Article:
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Photo: Reuters
Gaza Strip. The smell of sewage is also the smell of death
Photo: Reuters
Alex Fishman

Gaza’s stench is penetrating Israel

Op-ed: We may not care about infant mortality in Gaza, but the seawater contamination in the strip is going to reach Israel’s shores and cause irreversible damage, including a possible shortage of desalinated water. By failing to deal with this, Israel is shooting itself in the foot.

When you approach the Erez Crossing at certain hours of the day, you are hit by waves of stench rising from the strip. Huge amounts of sewage flood Gaza and flow into the sea. This stink symbolizes the Israeli approach towards Gaza more than anything: No policy, no understandings, no plans for the future, apart from war plans. The only consistent thing Israel does vis-à-vis Gaza is to shoot itself in the foot again and again.

 

 

The smell of sewage is also the smell of death. According to United Nations reports, which were quoted in the state comptroller’s report in May, the first reason for infant mortality in Gaza is the poor quality of water. Twenty-six percent of diseases in the strip, and most child diseases, are the result of the contaminated wastewater penetrating the wells, the shores and the streams—not just in Gaza, but also in the nearby Israeli beaches.

 

It all starts with electricity : The five wastewater treatment stations in Gaza, which are extremely heavy consumers of electricity, are dysfunctional. There is not enough electricity. Officials in Ramallah claim that they have no money and that Hamas should pay its share in electricity. After all, Hamas charges NIS 100 million in tax, including from the fuels that reach the Strip. Israel is saying: Am I supposed to interfere in the relations between Hamas and the Palestinian Authority? No money—no electricity.

 

Water crisis in Gaza. This stink symbolizes the Israeli approach towards the strip: No policy, no understandings, no plans for the future, apart from war plans (Photo: AFP) (Photo: AFP)
Water crisis in Gaza. This stink symbolizes the Israeli approach towards the strip: No policy, no understandings, no plans for the future, apart from war plans (Photo: AFP)

 

Every month, Israel transfers to the PA tax funds it has collected for its economic activities in Israel’s ports and territories. From these funds, it deducts some NIS 550 million—the cost of electricity that the Israel Electric Corporation supplies to the strip every month.  

 

About two months ago, the PA announced that due to its economic situation, it was deducting NIS 40 million of the cost of electricity to the strip. Israel is refusing to fund it, and the Defense Ministry has decided to reduce the electricity supply to the strip by 15 percent, accordingly. In the meantime, Israel has only reduced the voltage. In any event, Gaza receives only four hours of non-stop electricity a day, followed by long and irregular power outages.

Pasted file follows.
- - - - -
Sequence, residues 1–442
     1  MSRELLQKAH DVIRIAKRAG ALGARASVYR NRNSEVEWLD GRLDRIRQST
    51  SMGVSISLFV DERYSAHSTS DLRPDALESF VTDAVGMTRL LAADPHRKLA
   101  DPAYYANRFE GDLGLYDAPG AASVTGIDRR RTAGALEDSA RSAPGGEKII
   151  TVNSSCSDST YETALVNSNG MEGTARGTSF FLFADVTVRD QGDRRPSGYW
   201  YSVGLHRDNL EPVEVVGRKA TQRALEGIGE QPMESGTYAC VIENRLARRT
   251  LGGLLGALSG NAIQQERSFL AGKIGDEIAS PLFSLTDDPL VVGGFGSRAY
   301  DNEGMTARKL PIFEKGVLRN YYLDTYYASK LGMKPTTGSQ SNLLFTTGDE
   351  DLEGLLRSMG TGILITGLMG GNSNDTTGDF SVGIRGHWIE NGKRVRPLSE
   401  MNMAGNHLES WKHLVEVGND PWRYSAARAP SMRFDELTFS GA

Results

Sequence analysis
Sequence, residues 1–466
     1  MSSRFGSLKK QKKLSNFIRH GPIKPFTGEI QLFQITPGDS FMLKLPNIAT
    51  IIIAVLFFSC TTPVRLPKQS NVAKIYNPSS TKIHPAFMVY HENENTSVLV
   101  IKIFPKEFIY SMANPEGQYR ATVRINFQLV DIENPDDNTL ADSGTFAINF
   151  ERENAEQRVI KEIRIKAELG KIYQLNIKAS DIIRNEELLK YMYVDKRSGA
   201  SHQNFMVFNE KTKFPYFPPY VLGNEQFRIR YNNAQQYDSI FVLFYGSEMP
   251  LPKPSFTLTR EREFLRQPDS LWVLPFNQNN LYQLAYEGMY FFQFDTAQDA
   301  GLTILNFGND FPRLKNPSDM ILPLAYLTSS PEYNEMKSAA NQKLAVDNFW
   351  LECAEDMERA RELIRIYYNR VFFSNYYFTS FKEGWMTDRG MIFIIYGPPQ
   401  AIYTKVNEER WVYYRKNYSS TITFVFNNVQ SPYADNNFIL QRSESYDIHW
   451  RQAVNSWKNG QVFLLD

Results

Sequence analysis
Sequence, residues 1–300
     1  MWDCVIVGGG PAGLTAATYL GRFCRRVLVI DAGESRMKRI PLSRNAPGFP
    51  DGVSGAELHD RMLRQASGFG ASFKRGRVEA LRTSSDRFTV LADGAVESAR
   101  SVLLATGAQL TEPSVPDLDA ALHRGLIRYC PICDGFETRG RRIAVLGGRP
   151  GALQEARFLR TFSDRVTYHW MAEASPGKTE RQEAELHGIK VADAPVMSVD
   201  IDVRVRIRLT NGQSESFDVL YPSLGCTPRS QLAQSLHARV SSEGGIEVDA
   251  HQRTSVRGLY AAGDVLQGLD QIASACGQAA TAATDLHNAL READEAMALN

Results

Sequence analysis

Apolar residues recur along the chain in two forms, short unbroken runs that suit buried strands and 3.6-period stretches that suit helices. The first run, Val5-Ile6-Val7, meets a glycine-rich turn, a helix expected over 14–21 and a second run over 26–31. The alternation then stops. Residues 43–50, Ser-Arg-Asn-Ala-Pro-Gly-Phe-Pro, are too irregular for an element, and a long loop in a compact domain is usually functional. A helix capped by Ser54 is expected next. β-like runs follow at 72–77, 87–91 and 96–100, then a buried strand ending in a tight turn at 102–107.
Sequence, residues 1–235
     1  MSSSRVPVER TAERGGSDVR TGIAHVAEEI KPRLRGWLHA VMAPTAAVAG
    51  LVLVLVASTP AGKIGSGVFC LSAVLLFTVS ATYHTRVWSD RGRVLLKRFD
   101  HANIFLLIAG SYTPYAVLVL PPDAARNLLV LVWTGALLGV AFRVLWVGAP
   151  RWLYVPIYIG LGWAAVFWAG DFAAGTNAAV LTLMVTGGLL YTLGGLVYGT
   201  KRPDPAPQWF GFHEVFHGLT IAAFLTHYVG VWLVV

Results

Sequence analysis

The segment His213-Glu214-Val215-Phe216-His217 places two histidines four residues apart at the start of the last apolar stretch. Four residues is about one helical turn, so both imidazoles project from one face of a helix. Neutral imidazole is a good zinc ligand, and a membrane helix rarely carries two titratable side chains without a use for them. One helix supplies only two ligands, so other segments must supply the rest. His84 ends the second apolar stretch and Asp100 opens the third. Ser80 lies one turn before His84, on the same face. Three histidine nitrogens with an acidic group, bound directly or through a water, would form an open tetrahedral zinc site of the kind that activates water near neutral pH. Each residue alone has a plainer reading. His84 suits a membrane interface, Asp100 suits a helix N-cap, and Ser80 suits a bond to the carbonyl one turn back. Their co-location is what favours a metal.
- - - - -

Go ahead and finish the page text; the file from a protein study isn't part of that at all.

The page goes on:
The wastewater treatment stations are dysfunctional, the large and modern wastewater treatment facility built by the World Bank in the northern strip in 2013 has yet to be activated because there is no electricity, and Defense Minister Avigdor Lieberman is telling Hamas: Stop digging tunnels and you’ll get everything—electricity, a port, etc. That makes sense. But it’s exactly how Israel’s governments have been brainwashing us over the years with axioms aimed at preserving the status quo and serving political needs.

 

The recent state comptroller’s report, which dealt with environmental nuisances on both sides of the border, revealed that the Rutenberg Power Station in Ashkelon had sustained damage due to the contamination of organic wastewater. Even worse, the facility on the Ashkelon coast—which supplies 20 percent of the desalinated water to the State of Israel—was shut down for more than 24 hours due to an extreme organic contamination in the seawater. The damage amounted to tens of millions of shekels.

The Mediterranean Sea flows from southwest to northeast. There is no doubt, therefore, that the seawater contamination in the strip is going to reach Israel’s shores. Infant mortality in Gaza may not trouble anyone here, but heavy damages to Israel—including a possible desalinated water shortage—are definitely the state’s business. And if Israel fails to deal with this, it is shooting itself in the foot.

 

There are those in Israel who believe that a shortage of budgets and infrastructures will encourage the Gaza citizen to rise up against Hamas. Until that happens, however, we are causing ourselves irreversible damage. According to the state comptroller, “The untreated wastewater leads to a contamination of the seawater, the streams and the ground water in the Israeli areas bordering the Gaza Strip. There are also security and health risks for Israel in case diseases are spread due to water contaminations in the strip.” I doubt anyone at the Defense Ministry even read this paragraph.

 

If there is no electricity in July and August, who will the strip’s population direct its anger at—Hamas, the PA or Israel? The answer is clear. And how many millions more will Israel have to pay to deal with the consequences of the seawater contamination, which will only increase? This is the defense minister’s test: Slogans or “Realpolitik.”

 


פרסום ראשון: 06.04.17, 15:48
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